Why BBVA is investing in a Chinese venture fund
- BBVA has invested in Sinovation Ventures IV for AI-driven insights, potential partnerships and a strong return on investment
- The Spanish bank is, like its peers, looking to implement AI solutions to help it create a more customer-centric banking experience offering an entire suite of services around banking products
BBVA is making a $50 million investment in artificial intelligence — by investing in a venture capital fund.
The Spanish banking giant said Tuesday it will invest $50 million into the Chinese venture capital fund Sinovation Ventures IV, which has $500 million to give to early-stage artificial intelligence companies in China and the U.S.
“China has been one the greatest beneficiaries from the development of artificial intelligence solutions,” said a BBVA spokesman. “Investing in a reputed venture capital fund was an attractive alternative to gain knowledge and access to the Chinese tech market.”
BBVA has a short history of finding innovative ways to invest and partner. In 2016 it made an equally unusual move spinning off its own corporate venture fund, BBVA ventures, which launched in 2003, into a separate LLC called Propel, which is based in San Francisco with team members in London. Propel counts companies like Coinbase, Kasisto, Personal Capital and Prosper in its portfolio. Executives from BBVA were unavailable to comment on the Sinovation strategy by deadline.
The agreement will offer the bank the potential to co-invest in Chinese AI startups BBVA might want to add to its own list of partnerships. It currently finds and nurtures talent through the Open Talent competition, its San Francisco-based incubator as well as Propel. It has also made equity investments through its M&A department in startups including the German banking-as-a-service platform Solaris Bank.
BBVA is also betting on a strong return on investment.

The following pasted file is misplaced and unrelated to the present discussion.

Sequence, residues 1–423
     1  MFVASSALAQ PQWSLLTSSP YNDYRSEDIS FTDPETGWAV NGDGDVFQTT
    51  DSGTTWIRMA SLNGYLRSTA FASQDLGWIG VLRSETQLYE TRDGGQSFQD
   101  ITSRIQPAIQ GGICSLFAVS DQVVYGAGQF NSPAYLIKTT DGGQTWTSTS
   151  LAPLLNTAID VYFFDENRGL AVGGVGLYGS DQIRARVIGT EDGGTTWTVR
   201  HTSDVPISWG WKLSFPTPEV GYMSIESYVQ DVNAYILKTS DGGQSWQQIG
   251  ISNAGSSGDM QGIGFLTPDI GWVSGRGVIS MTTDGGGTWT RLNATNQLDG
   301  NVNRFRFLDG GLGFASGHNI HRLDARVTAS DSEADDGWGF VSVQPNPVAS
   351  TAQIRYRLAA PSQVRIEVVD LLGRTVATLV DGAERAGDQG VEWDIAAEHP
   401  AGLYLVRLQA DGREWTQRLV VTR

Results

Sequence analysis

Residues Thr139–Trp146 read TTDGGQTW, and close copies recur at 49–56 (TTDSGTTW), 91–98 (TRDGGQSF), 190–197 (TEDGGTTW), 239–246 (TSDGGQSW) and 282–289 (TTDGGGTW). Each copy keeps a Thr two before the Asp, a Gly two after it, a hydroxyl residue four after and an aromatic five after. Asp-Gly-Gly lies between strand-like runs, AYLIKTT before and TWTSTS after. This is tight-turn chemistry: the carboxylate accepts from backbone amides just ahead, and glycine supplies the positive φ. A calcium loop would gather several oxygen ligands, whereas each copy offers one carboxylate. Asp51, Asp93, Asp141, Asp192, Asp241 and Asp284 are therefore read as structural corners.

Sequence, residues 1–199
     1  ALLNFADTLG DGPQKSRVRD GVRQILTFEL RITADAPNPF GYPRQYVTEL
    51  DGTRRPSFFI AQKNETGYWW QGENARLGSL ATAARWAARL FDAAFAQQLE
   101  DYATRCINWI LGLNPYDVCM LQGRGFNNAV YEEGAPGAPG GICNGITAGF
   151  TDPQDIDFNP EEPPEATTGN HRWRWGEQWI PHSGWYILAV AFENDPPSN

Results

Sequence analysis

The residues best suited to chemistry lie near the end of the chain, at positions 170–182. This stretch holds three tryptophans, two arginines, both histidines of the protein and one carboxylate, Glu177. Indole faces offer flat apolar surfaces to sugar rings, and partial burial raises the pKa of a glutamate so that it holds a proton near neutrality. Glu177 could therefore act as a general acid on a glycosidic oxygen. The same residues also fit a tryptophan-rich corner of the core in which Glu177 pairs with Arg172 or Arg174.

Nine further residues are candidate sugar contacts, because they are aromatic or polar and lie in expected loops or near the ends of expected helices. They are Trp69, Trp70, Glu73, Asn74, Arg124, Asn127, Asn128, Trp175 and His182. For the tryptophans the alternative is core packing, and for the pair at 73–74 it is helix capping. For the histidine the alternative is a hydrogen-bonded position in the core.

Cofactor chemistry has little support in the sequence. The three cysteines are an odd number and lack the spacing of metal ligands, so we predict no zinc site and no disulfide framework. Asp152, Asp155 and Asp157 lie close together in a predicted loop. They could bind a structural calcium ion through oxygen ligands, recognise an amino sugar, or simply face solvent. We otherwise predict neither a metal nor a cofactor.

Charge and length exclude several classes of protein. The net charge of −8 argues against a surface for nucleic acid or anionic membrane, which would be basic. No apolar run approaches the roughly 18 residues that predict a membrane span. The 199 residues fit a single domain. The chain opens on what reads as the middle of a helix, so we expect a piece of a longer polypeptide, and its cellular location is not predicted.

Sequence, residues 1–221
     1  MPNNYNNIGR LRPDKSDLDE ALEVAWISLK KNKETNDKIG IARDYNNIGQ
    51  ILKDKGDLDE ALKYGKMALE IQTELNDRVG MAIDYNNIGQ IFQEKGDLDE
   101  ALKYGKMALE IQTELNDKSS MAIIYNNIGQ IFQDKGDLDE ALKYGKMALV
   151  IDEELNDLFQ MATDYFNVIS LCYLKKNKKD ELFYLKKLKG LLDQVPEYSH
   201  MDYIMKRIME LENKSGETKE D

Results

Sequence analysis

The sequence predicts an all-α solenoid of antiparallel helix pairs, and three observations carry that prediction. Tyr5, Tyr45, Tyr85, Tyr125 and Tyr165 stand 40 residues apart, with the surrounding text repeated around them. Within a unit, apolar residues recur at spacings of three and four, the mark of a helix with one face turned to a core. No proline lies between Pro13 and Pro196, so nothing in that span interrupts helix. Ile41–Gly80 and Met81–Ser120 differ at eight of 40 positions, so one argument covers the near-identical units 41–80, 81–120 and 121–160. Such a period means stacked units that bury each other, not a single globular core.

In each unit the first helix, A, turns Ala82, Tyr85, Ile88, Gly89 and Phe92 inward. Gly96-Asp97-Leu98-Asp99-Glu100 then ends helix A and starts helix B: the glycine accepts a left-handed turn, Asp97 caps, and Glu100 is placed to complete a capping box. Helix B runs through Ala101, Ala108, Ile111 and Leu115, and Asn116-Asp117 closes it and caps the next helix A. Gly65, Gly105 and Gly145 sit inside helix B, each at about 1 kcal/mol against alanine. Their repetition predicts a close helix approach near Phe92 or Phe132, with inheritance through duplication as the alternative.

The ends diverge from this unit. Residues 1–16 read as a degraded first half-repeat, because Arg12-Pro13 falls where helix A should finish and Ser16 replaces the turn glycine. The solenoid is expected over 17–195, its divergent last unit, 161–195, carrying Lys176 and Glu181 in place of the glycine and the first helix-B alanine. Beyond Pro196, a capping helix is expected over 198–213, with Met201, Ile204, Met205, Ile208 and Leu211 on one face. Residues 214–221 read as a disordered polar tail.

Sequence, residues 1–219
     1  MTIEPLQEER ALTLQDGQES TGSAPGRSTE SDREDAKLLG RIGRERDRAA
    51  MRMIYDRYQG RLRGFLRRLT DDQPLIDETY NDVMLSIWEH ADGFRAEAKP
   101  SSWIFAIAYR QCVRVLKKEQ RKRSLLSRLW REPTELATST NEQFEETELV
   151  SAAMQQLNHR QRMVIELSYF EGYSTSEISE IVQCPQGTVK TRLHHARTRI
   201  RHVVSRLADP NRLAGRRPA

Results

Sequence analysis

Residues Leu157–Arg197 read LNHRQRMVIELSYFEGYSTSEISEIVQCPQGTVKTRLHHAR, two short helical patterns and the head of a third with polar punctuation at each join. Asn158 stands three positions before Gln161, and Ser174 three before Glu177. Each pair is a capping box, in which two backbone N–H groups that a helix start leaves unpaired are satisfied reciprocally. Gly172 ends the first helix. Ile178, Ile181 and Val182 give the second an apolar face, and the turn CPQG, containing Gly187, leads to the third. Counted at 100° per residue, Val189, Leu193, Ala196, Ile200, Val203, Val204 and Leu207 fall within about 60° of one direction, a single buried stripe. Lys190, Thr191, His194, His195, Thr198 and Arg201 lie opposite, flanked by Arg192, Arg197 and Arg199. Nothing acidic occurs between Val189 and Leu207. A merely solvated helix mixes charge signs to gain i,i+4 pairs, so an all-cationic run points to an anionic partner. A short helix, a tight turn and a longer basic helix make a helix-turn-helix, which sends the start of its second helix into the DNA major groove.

“Sinovation Ventures is also one of the most reputed VC funds in China and has a solid track record, with IRRs outpacing industry averages,” he said. “SV’s other funds have an estimated internal rate of return above 25 percent — between 26.6 and 36.6 percent. SV has also been responsible for the creation of six unicorns startups.”
Banks have been investing more and more in technology over the past decade through their own corporate venture capital arms — a trend that’s not specific to the banking industry as every company in the world works to become more digital. Earlier this week, Barclays in the U.K. launched a “venture capital-style unit.”
Corporate investors accounted for 18 percent of venture capital deals globally last year 2017, according to data from PitchBook and Global Corporate Venturing, compared to 8 percent in 2011. Santander, Credit Suisse and UBS have the most active corporate VC funds among European banks, according to CB Insights.
Like its industry peers, BBVA is working on creating a more customer-centric banking experience by offering an entire suite of services around the main banking products it continues to sell. For example, when customers apply for a mortgage in their home-buying process, the banks should be able to pull third-party data to show them how likely the value of their new home is likely to increase or decrease in the near and far future, how much they can expect in renovation costs based on their own data and compared to what other people pay and how much they can reasonably expect to spend on utility bills or insurance. BBVA already provides these insights for customers in the car-buying experience. It also has a program called Baby Planner, which provides the same for expecting parents and families.
“All of that has to be underpinned by clever machine-learning algorithms and matched to similar profiles we have on other people to give you insight into what it will cost you overall — not just the mortgage,” the spokesman said. “As you move from a pure bank to a digital company that offers a marketplace-banking-type product, you become more valuable to customers by giving insight into their data, recognizing that they own their data.”